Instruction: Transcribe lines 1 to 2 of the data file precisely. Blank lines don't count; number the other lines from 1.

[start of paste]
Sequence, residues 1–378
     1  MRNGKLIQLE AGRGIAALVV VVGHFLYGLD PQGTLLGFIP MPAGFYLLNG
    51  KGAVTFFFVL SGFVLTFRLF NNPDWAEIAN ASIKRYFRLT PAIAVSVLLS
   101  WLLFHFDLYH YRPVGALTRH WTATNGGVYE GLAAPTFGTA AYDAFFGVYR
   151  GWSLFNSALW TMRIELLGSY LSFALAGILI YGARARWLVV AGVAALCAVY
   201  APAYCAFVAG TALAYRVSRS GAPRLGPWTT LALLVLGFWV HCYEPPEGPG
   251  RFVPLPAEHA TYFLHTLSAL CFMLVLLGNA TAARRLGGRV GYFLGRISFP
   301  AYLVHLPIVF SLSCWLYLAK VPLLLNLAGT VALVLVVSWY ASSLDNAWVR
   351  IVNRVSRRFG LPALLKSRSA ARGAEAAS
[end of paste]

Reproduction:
Sequence, residues 1–378
     1  MRNGKLIQLE AGRGIAALVV VVGHFLYGLD PQGTLLGFIP MPAGFYLLNG